In a 2010 article in the Texas Law Review entitled “Embattled CEOs”, Professors Marcel Kahan and Ed Rock argued that, over the past decade or so, CEOs of US public companies have gradually been losing power to their boards and their shareholders. In their view, the days of the “imperial CEO” are now numbered. In early 2013, the growing tension they identified between CEO and board power was on display at two major corporations in different continents – J.P. Morgan Chase & Co in the United States and Rio Tinto in Australia.
At J.P. Morgan on January 15, 2013, Jamie Dimon, whom many would regard as the embodiment of an imperial CEO, received the news that members of the board of directors had unanimously voted to halve his annual compensation from US$23.1 million in 2011 to US$11.5 million in 2012, through cuts to his bonus. The board revolt was, it seems, led by the Chairman of the Compensation Committee, Lee R. Raymond, a retired Chairman and CEO of Exxon Mobil Corporation. The compensation guillotine fell at J.P. Morgan in direct response to trading losses arising from the so-called “London Whale” debacle, involving complex credit derivative trades in the firm’s London chief investment office. The losses, which were first announced in May 2012, are currently estimated to total around US$6 billion.
Meanwhile, in Australia, an even more dire fate was awaiting Rio Tinto’s New Jersey-born CEO, Tom Albanese. Rio Tinto, which has dual listings in Australia and the United Kingdom, is the world’s third largest mining corporation, with a market capitalization of more than US$90 billion. On January 18, 2013, Rio Tinto’s board of directors announced that Tom Albanese was stepping down as CEO by mutual agreement with the board effective immediately. This “dismiss-ignation”, as it was dubbed by the financial press, followed the announcement of a US$14 billion asset write-down, which included a $3 billion write-down associated with recently acquired coal assets in Mozambique.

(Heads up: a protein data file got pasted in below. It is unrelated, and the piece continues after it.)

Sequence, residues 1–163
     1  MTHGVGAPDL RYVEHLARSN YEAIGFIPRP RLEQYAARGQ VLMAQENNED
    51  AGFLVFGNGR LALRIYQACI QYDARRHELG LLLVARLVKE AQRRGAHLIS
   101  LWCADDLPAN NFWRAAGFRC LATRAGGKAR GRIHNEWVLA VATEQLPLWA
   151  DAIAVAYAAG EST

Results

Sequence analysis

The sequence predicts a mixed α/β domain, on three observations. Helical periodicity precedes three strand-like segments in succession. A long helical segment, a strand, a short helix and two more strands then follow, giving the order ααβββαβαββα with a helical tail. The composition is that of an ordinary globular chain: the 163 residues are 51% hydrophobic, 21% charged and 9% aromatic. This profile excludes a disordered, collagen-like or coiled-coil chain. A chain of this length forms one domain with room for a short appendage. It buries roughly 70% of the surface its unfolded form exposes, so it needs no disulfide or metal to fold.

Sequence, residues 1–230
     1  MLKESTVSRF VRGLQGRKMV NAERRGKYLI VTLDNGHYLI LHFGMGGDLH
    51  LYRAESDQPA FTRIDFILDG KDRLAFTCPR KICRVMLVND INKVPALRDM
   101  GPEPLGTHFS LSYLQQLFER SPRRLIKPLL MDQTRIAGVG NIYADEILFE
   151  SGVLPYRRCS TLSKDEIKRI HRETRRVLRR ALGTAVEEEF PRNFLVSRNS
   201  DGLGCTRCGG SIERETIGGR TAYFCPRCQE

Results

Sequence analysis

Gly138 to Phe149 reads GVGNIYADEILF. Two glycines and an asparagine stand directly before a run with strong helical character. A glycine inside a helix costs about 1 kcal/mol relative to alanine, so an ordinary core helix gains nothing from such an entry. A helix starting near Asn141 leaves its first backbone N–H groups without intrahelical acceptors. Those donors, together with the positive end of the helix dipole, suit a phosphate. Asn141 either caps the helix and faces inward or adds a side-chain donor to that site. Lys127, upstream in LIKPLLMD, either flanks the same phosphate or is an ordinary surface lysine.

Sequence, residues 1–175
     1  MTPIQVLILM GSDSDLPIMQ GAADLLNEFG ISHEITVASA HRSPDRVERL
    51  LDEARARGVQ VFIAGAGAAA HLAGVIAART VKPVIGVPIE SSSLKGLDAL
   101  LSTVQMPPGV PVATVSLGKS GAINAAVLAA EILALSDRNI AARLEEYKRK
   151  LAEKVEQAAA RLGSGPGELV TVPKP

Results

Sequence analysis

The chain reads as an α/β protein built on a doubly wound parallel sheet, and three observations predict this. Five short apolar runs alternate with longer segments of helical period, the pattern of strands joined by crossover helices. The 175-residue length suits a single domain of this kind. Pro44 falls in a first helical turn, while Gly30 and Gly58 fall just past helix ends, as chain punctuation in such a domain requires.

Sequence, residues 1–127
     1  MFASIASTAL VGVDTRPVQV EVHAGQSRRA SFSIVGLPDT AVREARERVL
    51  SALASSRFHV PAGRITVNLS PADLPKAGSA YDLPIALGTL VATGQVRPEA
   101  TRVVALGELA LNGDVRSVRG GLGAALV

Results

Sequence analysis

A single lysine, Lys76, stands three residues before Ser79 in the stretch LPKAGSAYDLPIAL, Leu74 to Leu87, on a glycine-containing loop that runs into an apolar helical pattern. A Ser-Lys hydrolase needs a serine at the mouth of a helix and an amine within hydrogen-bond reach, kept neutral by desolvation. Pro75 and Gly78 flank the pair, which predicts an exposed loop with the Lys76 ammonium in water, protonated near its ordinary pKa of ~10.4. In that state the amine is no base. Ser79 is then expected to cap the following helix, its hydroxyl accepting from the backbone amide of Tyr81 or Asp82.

It must have all seemed a case of “what goes around comes around” for Tom Albanese. Back in 2010 during the global final crisis, Australia’s then-Prime Minister, Kevin Rudd, incurred the ire of Australia’s largest mining companies when his government announced its intention to introduce a 40 per cent resource super profits tax. The battle with the mining companies ended with Mr. Rudd’s removal from office and replacement as Prime Minister by Julia Gillard. Shortly afterwards, Mr. Albanese held up Kevin Rudd’s political fall from grace as a lesson to policymakers around the world. This lesson also seems to have had resonance in the corporate realm, given that only three years later Mr. Albanese himself would suffer a similar fate at the hands of his own board.
The J.P. Morgan and Rio Tinto stories both reflect the (often unobserved) flipside of CEO power, namely accountability. According to J.P. Morgan’s board, Jamie Dimon bore “ultimate responsibility for the failures that led to losses” associated with the London trading scandal. Tom Albanese, in departing from Rio Tinto, echoed these sentiments, stating “… I fully recognise that accountability for all aspects of the business rests with the CEO”.
In the past, far more attention was often given to shaping CEO behavior via carrots rather than sticks. In the aftermath of the global financial crisis, it appears that this may now be changing. One way boards can censure CEO conduct is by reducing or scrapping bonuses, as occurred with Jamie Dimon, Corporate law scholars have long criticized the fact that pay-for-performance schemes have tended to be very favorable to CEOs, with inappropriate or unduly low performance levels. The doyen of compensation commentators, Graef Crystal, has alluded to this fact by noting that traditionally there has been far greater “upside than downside elasticity” in the structure of pay-for-performance schemes. There are a number of possible explanations for this distortion, including the focus on incentives in performance-based pay, and the historical power of CEOs in the pay-setting environment.